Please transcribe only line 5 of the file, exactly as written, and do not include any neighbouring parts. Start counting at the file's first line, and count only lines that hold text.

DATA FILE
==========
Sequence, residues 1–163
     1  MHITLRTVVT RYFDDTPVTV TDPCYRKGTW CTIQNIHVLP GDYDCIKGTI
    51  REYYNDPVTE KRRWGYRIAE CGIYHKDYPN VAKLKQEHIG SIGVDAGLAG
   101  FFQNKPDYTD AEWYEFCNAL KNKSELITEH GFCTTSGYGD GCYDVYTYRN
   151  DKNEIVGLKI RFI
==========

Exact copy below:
   151  DKNEIVGLKI RFI